Grand Canyon is an unforgiving environment. The heat inside the canyon can cause shoes to come apart, and heavy hiking boots can trap sweat and lead to painful blisters. Before setting off on a hike, understand the limitations of yourself and your gear. https://t.co/PLebJv4uTz pic.twitter.com/fvB4DgHcl2
— Grand Canyon NPS (@GrandCanyonNPS) June 22, 2020
Summer temperatures in Grand Canyon National Park are already super hot, around 100F during the day. GCNP rangers took to social media to warn recreators that it’s so hot, peoples’ shoes are literally melting apart in the canyon. Rangers say during a normal summer they respond to heat exhaustion calls every day, so they’re trying hard to warn people to plan well. It’s gonna be dang hot!
Dehydration happens quickly in dry mountains and deserts. Especially in desert areas, where freshwater sources are scarce and the heat is intense. Your body can lose more than 2 quarts of fluid per hour while hiking uphill in direct, strong sun. Salty foods, electrolyte mix, extra water, sunscreen, long sleeves, and breathable clothes are good options to prepare for a safe venture into the desert. Breathable shoes help to prevent moisture and blisters which can slow you down too.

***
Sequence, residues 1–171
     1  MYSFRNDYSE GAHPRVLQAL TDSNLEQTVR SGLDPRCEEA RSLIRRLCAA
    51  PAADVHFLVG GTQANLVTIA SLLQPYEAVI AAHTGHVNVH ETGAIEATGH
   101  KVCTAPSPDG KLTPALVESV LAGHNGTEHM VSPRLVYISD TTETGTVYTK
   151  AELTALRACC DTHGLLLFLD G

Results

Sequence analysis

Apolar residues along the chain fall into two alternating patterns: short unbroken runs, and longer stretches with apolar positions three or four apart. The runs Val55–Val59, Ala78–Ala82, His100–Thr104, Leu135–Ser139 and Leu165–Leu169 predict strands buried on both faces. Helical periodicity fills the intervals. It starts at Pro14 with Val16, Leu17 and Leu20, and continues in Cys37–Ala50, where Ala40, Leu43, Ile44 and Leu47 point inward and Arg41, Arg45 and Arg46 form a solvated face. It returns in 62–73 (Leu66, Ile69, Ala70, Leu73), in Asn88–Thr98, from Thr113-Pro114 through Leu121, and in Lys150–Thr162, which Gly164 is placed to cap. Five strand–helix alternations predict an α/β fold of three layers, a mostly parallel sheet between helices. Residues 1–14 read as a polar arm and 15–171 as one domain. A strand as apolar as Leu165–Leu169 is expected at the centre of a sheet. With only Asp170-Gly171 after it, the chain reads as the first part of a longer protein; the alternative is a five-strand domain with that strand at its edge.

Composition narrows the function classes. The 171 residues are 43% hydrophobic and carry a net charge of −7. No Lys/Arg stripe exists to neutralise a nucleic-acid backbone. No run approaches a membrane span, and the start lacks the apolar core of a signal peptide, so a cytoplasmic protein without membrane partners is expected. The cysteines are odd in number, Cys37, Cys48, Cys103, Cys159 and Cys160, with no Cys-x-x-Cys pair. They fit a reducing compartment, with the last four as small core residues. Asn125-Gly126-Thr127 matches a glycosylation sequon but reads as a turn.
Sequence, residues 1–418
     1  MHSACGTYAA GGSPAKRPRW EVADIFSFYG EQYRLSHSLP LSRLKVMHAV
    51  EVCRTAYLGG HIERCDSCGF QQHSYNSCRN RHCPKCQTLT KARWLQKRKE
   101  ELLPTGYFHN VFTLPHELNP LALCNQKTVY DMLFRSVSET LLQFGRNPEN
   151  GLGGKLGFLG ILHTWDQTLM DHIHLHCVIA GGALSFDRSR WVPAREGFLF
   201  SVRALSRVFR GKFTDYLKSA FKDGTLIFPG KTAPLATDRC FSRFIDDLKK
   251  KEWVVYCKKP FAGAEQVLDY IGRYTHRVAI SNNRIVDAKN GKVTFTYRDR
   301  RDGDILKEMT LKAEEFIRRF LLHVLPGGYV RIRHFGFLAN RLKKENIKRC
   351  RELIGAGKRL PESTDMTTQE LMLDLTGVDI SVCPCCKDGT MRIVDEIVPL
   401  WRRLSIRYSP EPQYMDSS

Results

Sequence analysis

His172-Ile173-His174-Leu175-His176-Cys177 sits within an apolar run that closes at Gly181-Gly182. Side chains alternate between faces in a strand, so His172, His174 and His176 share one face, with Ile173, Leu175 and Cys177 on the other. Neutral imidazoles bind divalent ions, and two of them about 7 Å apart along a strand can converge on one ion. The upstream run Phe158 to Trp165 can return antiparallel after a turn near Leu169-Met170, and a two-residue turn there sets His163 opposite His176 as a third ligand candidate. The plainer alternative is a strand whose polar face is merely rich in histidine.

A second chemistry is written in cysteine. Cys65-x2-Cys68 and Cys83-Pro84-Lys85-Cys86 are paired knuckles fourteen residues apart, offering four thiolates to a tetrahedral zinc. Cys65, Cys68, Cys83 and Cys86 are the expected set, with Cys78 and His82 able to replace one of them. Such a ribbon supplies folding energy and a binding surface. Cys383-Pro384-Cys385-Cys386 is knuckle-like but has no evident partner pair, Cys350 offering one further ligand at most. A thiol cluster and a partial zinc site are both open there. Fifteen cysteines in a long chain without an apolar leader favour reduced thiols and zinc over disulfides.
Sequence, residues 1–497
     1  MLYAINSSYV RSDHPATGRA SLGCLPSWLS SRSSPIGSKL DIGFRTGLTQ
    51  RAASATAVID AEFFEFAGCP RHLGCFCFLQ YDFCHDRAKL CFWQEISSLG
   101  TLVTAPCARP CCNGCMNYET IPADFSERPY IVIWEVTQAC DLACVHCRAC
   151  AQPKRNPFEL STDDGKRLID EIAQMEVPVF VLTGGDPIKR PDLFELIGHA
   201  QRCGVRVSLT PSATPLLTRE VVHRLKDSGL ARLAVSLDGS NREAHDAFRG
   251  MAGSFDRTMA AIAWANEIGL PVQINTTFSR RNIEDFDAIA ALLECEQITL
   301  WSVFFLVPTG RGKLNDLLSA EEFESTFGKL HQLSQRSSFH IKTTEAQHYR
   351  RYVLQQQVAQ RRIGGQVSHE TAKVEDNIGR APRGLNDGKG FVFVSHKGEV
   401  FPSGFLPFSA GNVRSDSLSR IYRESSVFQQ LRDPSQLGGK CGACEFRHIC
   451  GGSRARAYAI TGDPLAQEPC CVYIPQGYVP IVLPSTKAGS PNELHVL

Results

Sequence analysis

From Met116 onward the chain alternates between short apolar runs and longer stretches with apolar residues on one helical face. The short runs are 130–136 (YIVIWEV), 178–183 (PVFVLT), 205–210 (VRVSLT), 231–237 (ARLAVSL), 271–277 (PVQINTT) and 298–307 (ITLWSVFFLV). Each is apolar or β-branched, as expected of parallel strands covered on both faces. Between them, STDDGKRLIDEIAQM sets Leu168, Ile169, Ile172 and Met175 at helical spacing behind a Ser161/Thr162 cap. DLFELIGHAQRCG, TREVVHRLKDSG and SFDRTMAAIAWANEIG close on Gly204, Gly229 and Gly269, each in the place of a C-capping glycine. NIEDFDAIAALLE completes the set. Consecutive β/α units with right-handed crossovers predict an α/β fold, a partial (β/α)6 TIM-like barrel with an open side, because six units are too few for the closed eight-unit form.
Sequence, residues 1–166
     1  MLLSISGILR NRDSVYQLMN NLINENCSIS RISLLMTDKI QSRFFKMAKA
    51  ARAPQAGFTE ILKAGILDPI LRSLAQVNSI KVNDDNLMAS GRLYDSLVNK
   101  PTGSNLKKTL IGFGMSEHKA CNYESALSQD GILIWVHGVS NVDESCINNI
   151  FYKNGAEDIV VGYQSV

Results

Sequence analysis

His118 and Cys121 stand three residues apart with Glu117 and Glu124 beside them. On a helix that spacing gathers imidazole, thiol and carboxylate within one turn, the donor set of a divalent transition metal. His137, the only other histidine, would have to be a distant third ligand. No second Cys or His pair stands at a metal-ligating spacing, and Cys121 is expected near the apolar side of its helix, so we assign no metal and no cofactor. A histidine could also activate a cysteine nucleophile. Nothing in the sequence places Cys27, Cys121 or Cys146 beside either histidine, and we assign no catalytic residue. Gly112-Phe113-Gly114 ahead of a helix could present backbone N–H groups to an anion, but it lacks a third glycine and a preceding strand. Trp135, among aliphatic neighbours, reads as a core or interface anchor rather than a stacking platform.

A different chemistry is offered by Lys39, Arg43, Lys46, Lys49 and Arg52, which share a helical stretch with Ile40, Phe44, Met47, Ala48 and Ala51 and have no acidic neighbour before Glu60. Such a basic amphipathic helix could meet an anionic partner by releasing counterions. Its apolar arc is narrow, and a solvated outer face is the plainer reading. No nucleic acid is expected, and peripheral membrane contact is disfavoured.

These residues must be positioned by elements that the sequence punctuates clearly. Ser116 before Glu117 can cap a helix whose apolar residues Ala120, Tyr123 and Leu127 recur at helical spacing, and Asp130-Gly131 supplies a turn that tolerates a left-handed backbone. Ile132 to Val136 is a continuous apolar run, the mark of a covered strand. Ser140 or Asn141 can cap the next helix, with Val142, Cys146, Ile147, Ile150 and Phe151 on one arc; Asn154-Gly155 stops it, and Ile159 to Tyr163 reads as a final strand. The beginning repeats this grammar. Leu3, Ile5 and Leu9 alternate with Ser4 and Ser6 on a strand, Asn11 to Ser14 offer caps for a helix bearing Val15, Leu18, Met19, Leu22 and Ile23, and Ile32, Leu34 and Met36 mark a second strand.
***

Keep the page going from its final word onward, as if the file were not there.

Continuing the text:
Terrestrial desert terrain and the usually high-pressure weather systems they present mean that the area will heat up like crazy during the day, and cool off immensely during the night. Hot desert days are usually followed by frigid desert nights, as the ground radiates all its heat away to the stable high-pressure atmosphere above. GCNP recommends starting very early in the day while it is still cool, finding a shady spot to rest during lunch, and continuing on when conditions allow in the afternoon.